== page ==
Options buyers pay a price known as a premium to purchase contracts. An options bet succeeds only if the price of corn futures rises above the strike price by an amount greater than the premium paid for the contract.

Therefore, options traders must be right about the size and timing of the move in corn futures to profit from their trades.

Corn ETFs

These financial instruments trade as shares on exchanges in the same way that stocks do. Only one ETF – Teucrium Corn Fund – offers a pure play trade in corn. The fund invests in corn futures contracts.

Other ETFs, such as PowerShares DB Agriculture Fund and UBS ETRACS CMCI Agriculture Total Return ETN, invest in corn along with many other agricultural commodities.

Teucrium Corn FundPowerShares DB Agriculture FundUBS ETRACS CMCI Agriculture Total Return ETN

Shares of Corn Companies

There are no public companies that are a pure-play investment in corn. However, traders that want exposure to corn prices may want to consider buying shares in large agribusinesses that provide seeds, fertilizers and pesticides to farmers:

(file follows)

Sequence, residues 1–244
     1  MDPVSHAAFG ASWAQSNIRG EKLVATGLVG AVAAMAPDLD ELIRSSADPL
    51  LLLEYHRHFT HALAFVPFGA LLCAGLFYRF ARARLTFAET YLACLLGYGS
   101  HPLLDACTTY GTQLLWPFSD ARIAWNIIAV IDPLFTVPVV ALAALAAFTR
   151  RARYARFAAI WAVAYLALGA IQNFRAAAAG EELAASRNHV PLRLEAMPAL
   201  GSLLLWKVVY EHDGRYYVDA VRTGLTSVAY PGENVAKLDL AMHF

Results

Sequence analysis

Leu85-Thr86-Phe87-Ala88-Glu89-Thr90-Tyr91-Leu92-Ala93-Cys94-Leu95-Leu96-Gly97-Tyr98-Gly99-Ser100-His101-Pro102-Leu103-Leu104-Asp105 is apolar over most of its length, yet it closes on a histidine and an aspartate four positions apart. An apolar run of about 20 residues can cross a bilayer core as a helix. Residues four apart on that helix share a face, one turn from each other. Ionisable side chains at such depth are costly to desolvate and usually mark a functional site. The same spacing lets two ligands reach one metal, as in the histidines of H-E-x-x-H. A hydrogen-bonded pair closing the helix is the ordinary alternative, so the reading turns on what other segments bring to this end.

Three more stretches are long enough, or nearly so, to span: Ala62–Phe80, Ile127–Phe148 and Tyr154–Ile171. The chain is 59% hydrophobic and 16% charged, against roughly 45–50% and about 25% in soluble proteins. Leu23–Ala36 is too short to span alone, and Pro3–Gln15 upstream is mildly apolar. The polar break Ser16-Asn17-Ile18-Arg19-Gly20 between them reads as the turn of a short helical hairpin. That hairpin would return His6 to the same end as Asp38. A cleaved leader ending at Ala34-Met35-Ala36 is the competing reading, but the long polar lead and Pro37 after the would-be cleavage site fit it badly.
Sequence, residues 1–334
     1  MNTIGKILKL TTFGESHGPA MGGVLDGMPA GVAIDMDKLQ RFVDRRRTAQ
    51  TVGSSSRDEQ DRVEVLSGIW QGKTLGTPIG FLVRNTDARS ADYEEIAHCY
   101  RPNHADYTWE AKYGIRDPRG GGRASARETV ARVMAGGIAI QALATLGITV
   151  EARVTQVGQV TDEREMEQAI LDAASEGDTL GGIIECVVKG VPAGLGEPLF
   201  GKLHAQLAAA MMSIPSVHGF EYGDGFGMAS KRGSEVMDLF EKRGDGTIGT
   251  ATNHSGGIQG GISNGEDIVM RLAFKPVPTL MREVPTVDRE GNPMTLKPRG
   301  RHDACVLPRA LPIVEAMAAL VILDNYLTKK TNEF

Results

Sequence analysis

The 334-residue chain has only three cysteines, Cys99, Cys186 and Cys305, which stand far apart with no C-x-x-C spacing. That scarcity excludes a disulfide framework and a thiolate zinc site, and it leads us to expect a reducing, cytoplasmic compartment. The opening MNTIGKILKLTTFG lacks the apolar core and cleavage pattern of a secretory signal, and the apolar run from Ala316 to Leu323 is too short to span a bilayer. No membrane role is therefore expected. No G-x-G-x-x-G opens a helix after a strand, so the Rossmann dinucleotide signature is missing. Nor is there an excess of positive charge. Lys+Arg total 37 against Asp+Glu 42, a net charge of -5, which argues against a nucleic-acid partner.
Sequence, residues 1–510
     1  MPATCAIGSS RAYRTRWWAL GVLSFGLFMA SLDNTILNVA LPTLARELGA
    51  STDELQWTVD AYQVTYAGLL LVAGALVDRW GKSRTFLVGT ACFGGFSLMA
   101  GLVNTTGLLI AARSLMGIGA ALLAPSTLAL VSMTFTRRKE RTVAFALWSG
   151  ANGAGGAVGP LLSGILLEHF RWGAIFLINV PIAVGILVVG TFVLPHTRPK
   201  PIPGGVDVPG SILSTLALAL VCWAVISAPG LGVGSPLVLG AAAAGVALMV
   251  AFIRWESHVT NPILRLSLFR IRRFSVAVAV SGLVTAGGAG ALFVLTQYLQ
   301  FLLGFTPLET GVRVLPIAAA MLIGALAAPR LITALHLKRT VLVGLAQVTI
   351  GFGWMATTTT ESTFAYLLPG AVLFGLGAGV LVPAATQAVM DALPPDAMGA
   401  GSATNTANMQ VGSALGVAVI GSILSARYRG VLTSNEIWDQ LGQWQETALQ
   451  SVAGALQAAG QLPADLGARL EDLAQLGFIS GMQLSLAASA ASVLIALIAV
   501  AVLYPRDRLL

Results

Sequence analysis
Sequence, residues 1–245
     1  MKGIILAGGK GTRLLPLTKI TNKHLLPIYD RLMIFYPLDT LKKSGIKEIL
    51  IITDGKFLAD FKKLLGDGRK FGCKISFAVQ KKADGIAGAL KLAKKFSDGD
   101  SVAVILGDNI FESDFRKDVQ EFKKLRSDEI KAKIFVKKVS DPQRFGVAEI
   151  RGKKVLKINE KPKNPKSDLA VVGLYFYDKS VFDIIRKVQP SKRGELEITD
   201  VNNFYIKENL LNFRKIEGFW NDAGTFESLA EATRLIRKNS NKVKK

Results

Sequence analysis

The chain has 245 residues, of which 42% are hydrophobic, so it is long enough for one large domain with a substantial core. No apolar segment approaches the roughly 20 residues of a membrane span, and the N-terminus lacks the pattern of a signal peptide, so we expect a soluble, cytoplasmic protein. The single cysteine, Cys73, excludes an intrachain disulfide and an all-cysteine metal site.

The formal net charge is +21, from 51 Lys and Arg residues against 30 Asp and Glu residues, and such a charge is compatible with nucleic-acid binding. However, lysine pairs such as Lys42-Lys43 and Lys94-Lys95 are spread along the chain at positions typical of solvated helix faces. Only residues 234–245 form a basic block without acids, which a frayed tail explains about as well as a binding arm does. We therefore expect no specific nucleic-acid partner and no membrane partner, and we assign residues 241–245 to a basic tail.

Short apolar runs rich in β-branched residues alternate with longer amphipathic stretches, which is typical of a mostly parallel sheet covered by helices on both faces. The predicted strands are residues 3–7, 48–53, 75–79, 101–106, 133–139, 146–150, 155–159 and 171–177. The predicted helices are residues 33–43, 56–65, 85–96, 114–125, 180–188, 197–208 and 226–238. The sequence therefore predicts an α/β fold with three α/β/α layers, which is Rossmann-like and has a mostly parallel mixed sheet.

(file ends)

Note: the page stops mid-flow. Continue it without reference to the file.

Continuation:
CompanyDescriptionExchangeFoundedInteresting Fact
Global agricultural company that provides seeds, genomic and other products to farmers.New York (NYSE)1901In 1983, Monsanto was one of four organizations who introduced genes to plants.
The Mosaic CompanyGlobal agricultural company that sells crop nutrients to farmers.New York (NYSE)2004Mosaic is the United States' largest producer of phosphate fertilizer and potash.
Nutrien Ltd Logo
Global agricultural company that sells fertilizer and feed products.New York (NYSE)1975Nutrien was formed in January 2018 after the Potash Corporation of Saskatchewan and Agrium merged.

Contracts for Difference (CFDs)

One way to trade in corn is through the use of a contract for difference (CFD) derivative instrument. CFDs allow traders to speculate on the price of corn without owning the underlying asset. The value of a CFD is the difference between the price of corn at the time of purchase and its current price.